Comments (9)

  • Kuhnberg says:

    Agreed, retrospective punishment is an abomination. But why should anyone be punished for non-offenses like those of which Pamela Fitzpatrick, Heather Mendick and Jo Bird stand accused? Why should good socialists who have worked diligently for the party for many years be expelled for communicating with fringe groups whose views, while differing from those of the leadership, are located within the realm of acceptable left-wing opinion? Honest open debate is more valuable to the party than the authoritarian imposition of a single viewpoint.

  • dave says:

    I agree with Kuhnberg – just going after the retrospective aspect concedes and won’t do much given all the other ways that the right are going after the left. Anyway, you don’t just stop supporting comrades and friends in proscribed groups and I don’t see how you can prove you don’t.

  • John Bowley says:

    The present Labour Party hierarchy is showing that it is unfit for government.

  • Margaret West says:

    I agree in principle with the first two posts. However
    the whole thing is a construction based on nothing ..
    given that the proscription of these organisations
    was effectively decided by a small selected group
    of the NEC. It was then ratified by the NEC after a cursory
    examination of the why’s and wherefores at the end
    of a nine hour meeting.

    It seems that for these organisations “support” of
    them was never considered by the NEC and this
    omission is criticised by Jama and Pidcock:
    it is their opinion that the retrospective application
    of “justice” is not allowed.

    So – good luck Jama and Pidcock and I hope your
    motion is at least considered.

  • Joseph Hannigan says:

    Necessary..what a waste of creative energies tho’.

  • Pauline Fraser says:

    I’m pleased that Laura and Nadia have stepped up and tabled this motion, but agree with Kuhnberg that it doesn’t go far enough to support wonderful socialist councillors like Pamela Fitzpatrick and Jo Bird. Perhaps Laura and Nadia are trying to maximise the support they get on the NEC and that focusing on this issue is most likely to do that. In any case it is a welcome move and proof that the Left on the NEC is alive and kicking.

  • Dave Hansell says:

    The key problem with this motion is that it only deals with one aspect of a much wider problem in which the Labour Party hierarchy and bureaucracy are operating outside of due process principles and standards.

    What is required is one or both of the following:

    1. A short straightforward motion compelling the Party at all levels to follow widely accepted due process legal principles and standards.

    2. A class action to bring the hierarchy and bureaucracy to heel on these matters.

    At present the Party at all levels is operating as a law to itself. As demonstrated in this example

    Where, to quote from the horse’s mouth:

    “Labour rules, unlike the actual law, are based on gender and not sex – therefore they go beyond the law, or as they would like the law, just like Stonewall does!”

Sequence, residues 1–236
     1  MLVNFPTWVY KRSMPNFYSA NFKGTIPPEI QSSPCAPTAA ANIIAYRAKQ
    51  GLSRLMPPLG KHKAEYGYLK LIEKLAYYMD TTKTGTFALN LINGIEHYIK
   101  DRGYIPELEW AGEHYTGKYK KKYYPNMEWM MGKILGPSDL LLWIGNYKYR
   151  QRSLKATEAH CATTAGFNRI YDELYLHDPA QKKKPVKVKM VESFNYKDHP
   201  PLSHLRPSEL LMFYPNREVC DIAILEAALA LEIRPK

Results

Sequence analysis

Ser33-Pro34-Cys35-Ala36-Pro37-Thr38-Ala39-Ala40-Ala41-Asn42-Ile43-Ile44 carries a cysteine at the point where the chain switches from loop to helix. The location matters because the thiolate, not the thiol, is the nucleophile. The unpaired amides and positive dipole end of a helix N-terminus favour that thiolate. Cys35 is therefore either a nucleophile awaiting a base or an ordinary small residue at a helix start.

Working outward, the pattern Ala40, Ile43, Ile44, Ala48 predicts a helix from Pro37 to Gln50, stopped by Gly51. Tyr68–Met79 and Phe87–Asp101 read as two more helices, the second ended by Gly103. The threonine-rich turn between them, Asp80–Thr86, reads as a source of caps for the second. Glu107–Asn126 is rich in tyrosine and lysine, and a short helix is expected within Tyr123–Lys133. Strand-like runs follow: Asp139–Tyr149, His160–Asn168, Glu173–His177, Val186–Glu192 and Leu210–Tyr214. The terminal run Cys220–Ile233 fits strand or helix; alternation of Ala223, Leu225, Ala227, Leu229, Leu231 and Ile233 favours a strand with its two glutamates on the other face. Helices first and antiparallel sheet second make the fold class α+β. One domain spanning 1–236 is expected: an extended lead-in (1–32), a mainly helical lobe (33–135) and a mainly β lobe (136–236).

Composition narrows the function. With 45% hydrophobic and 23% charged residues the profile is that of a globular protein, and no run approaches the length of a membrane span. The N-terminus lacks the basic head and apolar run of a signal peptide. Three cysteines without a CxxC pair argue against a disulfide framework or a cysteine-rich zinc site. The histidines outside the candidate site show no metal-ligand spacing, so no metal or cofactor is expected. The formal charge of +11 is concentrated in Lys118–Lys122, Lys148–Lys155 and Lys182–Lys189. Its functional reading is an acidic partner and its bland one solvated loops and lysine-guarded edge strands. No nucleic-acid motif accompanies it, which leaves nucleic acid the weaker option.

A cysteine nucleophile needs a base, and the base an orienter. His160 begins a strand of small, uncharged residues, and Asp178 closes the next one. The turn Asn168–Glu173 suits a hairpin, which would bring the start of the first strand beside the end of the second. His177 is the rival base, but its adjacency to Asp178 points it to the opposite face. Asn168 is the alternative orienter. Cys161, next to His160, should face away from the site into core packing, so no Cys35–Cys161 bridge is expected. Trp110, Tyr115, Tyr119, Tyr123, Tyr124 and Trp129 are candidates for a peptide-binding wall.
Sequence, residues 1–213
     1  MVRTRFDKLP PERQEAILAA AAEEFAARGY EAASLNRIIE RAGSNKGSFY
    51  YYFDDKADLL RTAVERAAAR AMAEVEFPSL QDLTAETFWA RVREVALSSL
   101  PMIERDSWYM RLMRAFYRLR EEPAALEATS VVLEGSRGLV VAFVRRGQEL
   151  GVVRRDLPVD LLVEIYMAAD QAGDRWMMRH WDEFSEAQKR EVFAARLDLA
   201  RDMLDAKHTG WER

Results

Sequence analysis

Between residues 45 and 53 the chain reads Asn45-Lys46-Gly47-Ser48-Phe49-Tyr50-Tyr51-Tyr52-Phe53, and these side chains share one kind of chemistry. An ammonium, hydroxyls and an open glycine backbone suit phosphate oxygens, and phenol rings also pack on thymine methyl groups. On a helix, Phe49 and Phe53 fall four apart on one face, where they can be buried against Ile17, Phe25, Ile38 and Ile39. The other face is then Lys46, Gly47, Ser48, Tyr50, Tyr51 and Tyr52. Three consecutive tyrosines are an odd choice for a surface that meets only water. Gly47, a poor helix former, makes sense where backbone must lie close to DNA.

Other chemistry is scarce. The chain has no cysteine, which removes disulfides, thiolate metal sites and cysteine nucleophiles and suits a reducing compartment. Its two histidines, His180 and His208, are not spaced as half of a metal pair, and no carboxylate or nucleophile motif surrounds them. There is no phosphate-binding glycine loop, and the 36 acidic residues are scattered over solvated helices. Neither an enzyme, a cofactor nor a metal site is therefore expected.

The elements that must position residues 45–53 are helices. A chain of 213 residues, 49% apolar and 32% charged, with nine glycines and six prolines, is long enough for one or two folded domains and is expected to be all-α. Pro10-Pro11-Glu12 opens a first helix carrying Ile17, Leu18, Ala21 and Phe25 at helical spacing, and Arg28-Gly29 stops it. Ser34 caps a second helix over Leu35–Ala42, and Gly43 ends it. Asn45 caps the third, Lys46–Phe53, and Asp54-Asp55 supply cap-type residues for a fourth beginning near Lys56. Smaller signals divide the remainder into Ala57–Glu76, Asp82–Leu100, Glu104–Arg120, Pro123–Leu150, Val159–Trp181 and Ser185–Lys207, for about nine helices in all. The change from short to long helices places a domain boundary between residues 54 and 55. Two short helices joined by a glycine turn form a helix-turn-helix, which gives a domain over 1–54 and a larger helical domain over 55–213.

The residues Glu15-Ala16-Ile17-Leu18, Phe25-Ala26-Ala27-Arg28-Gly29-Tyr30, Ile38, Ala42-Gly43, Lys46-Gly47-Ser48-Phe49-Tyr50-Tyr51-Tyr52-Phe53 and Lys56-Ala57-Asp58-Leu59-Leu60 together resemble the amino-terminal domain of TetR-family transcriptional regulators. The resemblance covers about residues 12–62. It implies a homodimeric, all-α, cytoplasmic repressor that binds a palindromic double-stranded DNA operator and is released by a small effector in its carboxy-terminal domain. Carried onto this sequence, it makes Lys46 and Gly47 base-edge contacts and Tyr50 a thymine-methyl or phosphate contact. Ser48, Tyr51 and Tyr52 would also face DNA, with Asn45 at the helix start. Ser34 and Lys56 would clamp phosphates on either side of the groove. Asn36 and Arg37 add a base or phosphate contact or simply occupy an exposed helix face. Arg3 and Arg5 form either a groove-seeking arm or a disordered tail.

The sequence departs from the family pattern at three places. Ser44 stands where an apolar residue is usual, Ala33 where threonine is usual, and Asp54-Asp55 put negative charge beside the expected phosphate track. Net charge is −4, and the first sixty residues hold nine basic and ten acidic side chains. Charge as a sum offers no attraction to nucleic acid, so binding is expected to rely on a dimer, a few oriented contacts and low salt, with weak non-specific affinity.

In practice this example is no different in principle – at least for those who don’t operate on the basis of ‘my gang right or wrong’ – to what is happening on an equally regular basis to non conforming members of the Jewish Community, JVL members for example, who don’t toe the BoD/FoI line and their convenient self selecting/self referencing pseudo definitions.

    If we are going to be serious about doing the business we cannot hope to defeat the Tory philosophy of one law for those we like and another for everyone else at the ballot box at any level. We have to act, and be seen to act, consistently to a set of principles and standards rather than picking and choosing to suit.

    Though, given the stance and approach of too many fellow travellers in recent times, the odds do not seem particularly favourable.

  • Stephen Richards says:

    As a regular contributor to Skwawkbox, may I recommend reading & contributing to this blog. I have regular differences of opinion with some contributors but debates are usually constructed in a serious & sometimes humorous manner.

  • Andrew Hornung says:

    Some time ago I wrote a comment doubting that the focus on complaining about retrospectivity would in most cases be fruitful. There may not be a uniform pattern in the accusations, but as I understand it the leadership faction’s tack in most cases is not to say “you are being punished for having supported a proscribed organisation before it was proscribed” but rather to say “your having supported a proscribed organisation suggests to us that you are now a supporter unless you can prove otherwise”.
    As far as breaches of natural justice go this is just as bad, of course, because the only way a person prove they are not a supporter is to denounce that organisation or at least make a declaration in favour of their proscription.
    As matters stand, without such denunciation, suspicion becomes the same as proof.
    The attack has to be on the definition of “support/supporter”.

Comments are now closed.